Hatchet Synopsis The novel Hatchet, by Gary Paulsen follows the journey of a thirteen year old boy and his struggle to survive alone in the wilderness. The novel starts out with Brian in a plane going to visit his father in the Canadian wilderness. His parents had recently been divorced, and Brian struggles with knowing the secret to what caused their divorce (which turns out to be his mother having an affair). When the pilot of the plane has a heart attack, Brian is left in the plane alone. Trying to decide what to do, Brian continues to fly the plane on the course it is headed (which is off course, because the pilot jerked the steering wheel when he had his heart attack). When the pane eventually runs out of gas, Brian crash lands the plane into a body of water in the middle of nowhere. The only possessions that Brian has now are the clothes he is wearing and a hatchet that his mother gave him as a parting gift before he left. Bruised and confused, but not seriously injured, Brian must learn to survive in the wilderness on his own. At first he feels optimistic that someone will find him, and he is not overly motivated to do much. He drinks lake water, but doesn’t feel compelled to search for food yet, and he finds a rocky ledge with a bit of an overhang that he Adapted from: McTighe, J. & Wiggins, G. (2004). Understanding by Design: Professional Development Workbook Alexandria, VA: ASCD.


Unit Plan uses as a shelter. Soon his hunger takes over and he searches for berries, upon which finding berries that he scarfs down. That night he gets very sick from the berries, and decides to try finding something else. He finds raspberries, as well as a bear. The bear did not hurt him, but rather showed Brian that they can co-exist. After this Brian goes back to his shelter, and that night a porcupine sneaks up on him. Brian kicks out and throws his hatchet, scaring the porcupine, and getting quills in his leg. He begins to feel sorry for himself, and that night dreams of his best friend and his father, and in both dreams they seem to be telling him something about fire. When Brian awakes, he realizes that the Hatchet made sparks when he threw it against the wall. Brian spends the day trying to make fire, which he eventually succeeds in doing. The next day, he finds turtle eggs that he eats warily to begin with and then ended up eating six. After the eggs he realized how hungry he really was, and figured out that he could probably catch a fish. Brian made a spear, which didn’t work out very well, so he would try making a bow and arrow. While searching for wood to make his bow, he heard a plane. He ran to set his fire and try to catch the attention of the plane, but it did not work and the plane did not stop. The story advances, and Brian starts looking back on the days after the plane had come and gone. After the plane left, Brian became depressed, and he actually wanted to die. When he woke up the morning after he tried cutting himself, he felt changed and determined not to die. He began to think differently, and he was determined to learn from the mistakes he made – which happened a lot. He had made a bow with a tree branch and his shoelace, and he eventually was able to catch fish to eat with his bow. Brian continues to recall mistakes that he had made, including a skunk sneaking up on him in his shelter, and stealing Brian’s turtle eggs. When Brian tries to shoe it away, it sprays him. This teaches Brian to make a better shelter. Brian also talks about the “day of first meat,” when he was actually able to hunt and kill one of the “fool birds.” One day, just as Brian is feeling really good about himself, he gets attacked by a moose, and is nearly killed. Then to make the day worse a tornado rips through the area he is in – tearing apart his shelter and wrecking all that he has built. Brian remains determined, and he decides to rebuild. With only his Hatchet left, he decides to rebuild again, because that’s all he had in the first place. The tornado had also caused the plane to become partially out of the water. Brian builds a raft and swims out to the plane to find the survival pack. On this task he has his struggles, but eventually retrieves the survival pack. Brian compares the survival pack to Christmas. In the pack he finds things such as a lighter and a rifle, and doesn’t really like how these things make him feel. They take him out nature, and make things so easy. As well, there was a bunch of food in the survival pack. Just as Brian sits down to enjoy one of these easy meals, a plane flies overheard, and hears his emergency transmitter (also found in the survival pack, but Brian thought it was broken). Brian is found, and taken home.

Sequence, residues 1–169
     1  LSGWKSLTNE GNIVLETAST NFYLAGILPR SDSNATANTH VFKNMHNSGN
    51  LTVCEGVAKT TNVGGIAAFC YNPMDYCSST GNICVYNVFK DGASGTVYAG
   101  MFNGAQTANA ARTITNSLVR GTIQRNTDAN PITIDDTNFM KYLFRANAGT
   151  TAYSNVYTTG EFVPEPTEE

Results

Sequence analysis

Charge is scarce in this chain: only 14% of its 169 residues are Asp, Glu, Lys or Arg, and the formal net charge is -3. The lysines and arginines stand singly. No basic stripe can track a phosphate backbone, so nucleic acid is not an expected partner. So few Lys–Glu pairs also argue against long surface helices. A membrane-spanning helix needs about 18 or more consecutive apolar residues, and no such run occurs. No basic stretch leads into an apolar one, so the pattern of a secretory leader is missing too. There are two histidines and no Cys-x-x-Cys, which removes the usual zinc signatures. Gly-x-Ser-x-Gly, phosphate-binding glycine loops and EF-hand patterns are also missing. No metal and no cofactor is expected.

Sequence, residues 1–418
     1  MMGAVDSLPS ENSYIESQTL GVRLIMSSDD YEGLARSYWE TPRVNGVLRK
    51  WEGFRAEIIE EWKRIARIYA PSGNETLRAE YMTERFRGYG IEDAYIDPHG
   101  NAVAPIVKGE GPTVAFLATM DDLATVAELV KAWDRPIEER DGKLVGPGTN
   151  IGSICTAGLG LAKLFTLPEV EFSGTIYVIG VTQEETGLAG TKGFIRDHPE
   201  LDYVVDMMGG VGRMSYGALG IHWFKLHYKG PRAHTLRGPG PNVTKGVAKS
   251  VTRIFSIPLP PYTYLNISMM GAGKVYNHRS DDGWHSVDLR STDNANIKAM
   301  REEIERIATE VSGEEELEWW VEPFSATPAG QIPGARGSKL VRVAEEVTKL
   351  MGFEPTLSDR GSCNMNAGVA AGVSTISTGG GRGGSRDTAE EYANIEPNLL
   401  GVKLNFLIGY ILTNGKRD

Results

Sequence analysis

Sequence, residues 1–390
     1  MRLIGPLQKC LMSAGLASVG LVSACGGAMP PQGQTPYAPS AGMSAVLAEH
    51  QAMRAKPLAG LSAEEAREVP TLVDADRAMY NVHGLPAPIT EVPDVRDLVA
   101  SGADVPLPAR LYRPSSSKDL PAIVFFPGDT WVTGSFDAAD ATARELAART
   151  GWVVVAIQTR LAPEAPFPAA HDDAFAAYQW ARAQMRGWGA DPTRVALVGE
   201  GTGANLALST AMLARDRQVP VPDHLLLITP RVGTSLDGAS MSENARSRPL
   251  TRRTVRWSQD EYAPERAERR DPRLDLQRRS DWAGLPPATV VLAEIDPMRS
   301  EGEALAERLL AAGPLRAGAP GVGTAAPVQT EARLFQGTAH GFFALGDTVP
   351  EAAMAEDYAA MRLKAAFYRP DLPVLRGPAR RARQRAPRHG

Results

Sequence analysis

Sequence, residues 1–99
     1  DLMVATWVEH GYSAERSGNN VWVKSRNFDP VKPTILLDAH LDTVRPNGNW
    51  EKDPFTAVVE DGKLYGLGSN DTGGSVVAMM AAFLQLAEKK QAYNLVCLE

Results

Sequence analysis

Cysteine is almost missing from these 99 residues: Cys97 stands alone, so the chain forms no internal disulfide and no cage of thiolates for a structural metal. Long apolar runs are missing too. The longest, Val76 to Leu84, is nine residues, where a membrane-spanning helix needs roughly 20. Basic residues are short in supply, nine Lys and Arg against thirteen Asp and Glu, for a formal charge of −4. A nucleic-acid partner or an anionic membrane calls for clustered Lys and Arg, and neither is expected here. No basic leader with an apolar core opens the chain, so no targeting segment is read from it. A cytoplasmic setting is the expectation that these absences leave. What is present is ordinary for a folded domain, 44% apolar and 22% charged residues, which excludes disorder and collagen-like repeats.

Adapted from: McTighe, J. & Wiggins, G. (2004). Understanding by Design: Professional Development Workbook Alexandria, VA: ASCD.

Language Arts Novel Study  

This novel study was developed for a grade 5 classroom on the novel "Hatchet"